--Traditional Method, repairing a split and missing rib with new wood, setting the new rib in a groove and attaching it to the old rib with a V-scarf joint, and brads to hold it to the muntin. I've seen rib-in-a-groove-and-brads method used as a repair done over a century ago that was still performing well, so I think it is a valid method, even without modern or traditional adhesives. Of course, an adhesive could be added with this method, which might help keep moisture out of the joint.

Linda Kucera helped me design the new (to me) V-scarf joint, which is a combination of the "V profile" on a vertical joint that I have been using for years, and the sloped or "scarf" joint used by several of the window preservation specialists, including Linda. I like the V-scarf joint and will continue to use it as my standard "best work" joint, although other joint designs may take less time and cost less to implement.

I have always used epoxy materials for adhesive with the modern method. Linda and Andy Roeper describe the "type two" and poly-urethane hot melt adhesives they use for this repair method. The hot melt adhesive is Titebond's "HiPURformer(tm) Advanced Bonding System." Andy says this system gives him a quick 1 to 3 minute set time, just hold the part with your fingers (no fastening or taping needed), and 24 hour full strength cure time. Andy, which specific adhesive do you use with this system?

Here are sources for specific tools and materials mentioned in this video conference:

Nail Spinner
Mfg. Info.: ... m?CID=4229
Supplier: your local Ace Hardware store, if not in stock they should be able to order it

Wire Brads: your local hardware store

Cut Brads:
Tremont, Fine Cut Headless Brad Standard
Mfg. Info. & Supplier: ... 4&mv_pc=14


In the conference Linda mentioned she used "type two" glue, and I mentioned that "type three" could be used for this sort of repair. There may be some confusion about types of glue, at least in my mind there is!). There are specific glue products to consider and a generic way to refer to the different types of glue.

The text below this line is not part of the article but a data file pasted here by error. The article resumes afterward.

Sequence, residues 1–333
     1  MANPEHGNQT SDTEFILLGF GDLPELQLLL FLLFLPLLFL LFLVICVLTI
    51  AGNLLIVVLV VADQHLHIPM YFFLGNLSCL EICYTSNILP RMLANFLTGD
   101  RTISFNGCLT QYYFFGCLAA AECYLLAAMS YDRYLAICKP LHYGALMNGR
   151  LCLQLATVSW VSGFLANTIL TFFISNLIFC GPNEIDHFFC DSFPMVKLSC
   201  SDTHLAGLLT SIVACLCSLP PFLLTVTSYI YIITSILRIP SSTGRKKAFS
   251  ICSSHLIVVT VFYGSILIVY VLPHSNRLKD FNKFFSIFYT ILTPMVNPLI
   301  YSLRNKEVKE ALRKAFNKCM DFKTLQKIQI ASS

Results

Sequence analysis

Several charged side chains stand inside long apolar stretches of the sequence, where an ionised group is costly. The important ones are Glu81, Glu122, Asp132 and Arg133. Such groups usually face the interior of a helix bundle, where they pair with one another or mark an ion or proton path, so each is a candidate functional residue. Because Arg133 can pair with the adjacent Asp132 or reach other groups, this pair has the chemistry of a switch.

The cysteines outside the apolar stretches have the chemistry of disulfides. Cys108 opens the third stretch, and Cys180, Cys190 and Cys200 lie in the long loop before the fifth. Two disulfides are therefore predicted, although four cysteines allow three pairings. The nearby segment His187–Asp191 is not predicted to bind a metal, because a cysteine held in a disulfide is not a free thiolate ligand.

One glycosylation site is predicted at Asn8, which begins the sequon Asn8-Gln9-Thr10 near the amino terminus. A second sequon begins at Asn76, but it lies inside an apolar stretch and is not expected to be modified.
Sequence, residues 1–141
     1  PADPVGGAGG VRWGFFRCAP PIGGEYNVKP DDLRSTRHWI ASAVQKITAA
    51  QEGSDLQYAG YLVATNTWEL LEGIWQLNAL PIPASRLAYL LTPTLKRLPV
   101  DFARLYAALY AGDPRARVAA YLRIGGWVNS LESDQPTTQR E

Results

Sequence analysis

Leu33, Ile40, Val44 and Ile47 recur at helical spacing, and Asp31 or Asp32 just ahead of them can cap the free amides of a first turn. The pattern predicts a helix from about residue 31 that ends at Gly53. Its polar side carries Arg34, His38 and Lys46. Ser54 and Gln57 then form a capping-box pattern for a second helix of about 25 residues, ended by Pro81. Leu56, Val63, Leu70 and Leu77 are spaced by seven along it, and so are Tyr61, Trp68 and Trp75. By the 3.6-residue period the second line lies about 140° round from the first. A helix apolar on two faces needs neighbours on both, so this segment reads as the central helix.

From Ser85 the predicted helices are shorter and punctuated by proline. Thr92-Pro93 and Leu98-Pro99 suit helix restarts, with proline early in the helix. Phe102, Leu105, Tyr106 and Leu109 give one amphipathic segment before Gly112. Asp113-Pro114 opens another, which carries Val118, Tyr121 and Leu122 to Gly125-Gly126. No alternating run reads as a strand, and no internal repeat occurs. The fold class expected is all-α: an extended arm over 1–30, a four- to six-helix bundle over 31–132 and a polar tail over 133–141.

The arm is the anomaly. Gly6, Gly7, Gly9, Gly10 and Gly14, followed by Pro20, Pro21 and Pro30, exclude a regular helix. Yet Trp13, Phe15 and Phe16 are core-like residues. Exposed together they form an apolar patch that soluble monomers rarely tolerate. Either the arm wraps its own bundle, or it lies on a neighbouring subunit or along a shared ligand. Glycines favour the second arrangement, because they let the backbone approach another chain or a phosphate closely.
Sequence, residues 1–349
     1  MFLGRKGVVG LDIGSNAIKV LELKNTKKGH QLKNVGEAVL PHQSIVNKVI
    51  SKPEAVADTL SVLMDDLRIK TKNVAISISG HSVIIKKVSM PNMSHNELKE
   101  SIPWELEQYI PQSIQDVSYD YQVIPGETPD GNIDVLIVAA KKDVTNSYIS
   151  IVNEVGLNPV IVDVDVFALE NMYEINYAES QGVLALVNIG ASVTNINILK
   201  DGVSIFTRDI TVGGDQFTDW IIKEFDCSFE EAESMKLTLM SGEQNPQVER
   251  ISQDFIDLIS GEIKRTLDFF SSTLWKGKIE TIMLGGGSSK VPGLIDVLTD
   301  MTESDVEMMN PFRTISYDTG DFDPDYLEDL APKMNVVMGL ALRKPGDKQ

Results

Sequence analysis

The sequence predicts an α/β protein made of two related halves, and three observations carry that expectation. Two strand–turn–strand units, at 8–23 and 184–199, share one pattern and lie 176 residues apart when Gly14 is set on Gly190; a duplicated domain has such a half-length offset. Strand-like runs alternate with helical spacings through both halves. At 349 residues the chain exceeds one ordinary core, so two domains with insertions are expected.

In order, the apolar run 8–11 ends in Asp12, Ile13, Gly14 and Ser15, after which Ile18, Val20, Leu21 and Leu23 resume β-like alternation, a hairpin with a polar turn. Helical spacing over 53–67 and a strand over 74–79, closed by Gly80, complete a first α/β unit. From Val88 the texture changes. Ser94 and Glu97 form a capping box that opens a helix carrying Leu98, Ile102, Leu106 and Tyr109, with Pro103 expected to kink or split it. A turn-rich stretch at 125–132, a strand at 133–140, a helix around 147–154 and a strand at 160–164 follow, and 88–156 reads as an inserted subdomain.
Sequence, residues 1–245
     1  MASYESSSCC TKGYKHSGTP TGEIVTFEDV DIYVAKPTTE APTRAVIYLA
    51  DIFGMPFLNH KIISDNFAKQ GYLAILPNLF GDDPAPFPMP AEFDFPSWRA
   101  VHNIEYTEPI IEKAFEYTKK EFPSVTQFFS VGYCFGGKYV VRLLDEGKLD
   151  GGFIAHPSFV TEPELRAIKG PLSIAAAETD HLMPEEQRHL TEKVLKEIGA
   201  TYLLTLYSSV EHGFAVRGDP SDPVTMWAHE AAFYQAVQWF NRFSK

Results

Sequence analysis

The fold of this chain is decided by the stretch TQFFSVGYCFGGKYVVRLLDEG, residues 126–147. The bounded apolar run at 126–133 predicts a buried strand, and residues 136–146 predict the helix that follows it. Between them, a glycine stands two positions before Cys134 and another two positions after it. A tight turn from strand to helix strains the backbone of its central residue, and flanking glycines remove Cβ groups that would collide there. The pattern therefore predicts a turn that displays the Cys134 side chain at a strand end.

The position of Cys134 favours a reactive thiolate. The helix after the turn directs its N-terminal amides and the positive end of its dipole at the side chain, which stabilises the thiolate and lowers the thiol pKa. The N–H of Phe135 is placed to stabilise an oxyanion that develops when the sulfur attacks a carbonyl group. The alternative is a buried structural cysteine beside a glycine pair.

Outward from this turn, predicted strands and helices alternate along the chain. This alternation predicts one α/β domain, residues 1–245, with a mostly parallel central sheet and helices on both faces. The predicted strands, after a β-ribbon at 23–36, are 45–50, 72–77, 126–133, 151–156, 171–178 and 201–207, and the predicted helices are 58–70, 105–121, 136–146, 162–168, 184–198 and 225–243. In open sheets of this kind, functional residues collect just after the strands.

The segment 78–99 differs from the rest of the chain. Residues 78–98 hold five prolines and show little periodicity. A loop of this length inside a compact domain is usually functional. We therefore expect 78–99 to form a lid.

The Titebond(r) brand has three different products: Titebond Original (not water resistant, for interior use only), Titebond II Premium (water resistant, for interior or exterior use), Titebond III Ultimate (water-proof, highly resistant to water). These are polyvinyl acetate adhesives.

Polyvinyl acetate adhesives for use with wood, are of three types based on their water-resistance at these performance levels: Type 1 for wet-use, Type 2 for intermediate use, and Type 3 for dry use. So, it could be confusing to say "type three" because it could mean, in this generic sense the least water-resistant (Type 3), and in the specific product sense (Titebond III) the most water-resistant.

So, if you want the most water-resistant Titebond glue, use Titebond III. Here is a Titebond rep describing their glues and their various characteristics:

The gap-filling adhesive, I mixed in the video conference with Abatron's LiquidWood and WoodEpox products ( ... onkit.html) has the disadvantages of the time it takes to mix it up (about 5 to 7 minutes) and the hefty cost of the materials. It has the advantage of 35 years of proven performance in this specific use based on my own personal experience and side-by-side field testing with other adhesives.

Titebond's "HiPURformer(tm) Advanced Bonding System." Andy says this system gives him a quick 1 to 3 minute set time, just hold the part with your fingers (no taping needed), and 24 hour full strength cure time. There are several "flavors" of adhesive in this system. Andy, which specific adhesive do you use with this system?
Manufacturer's info: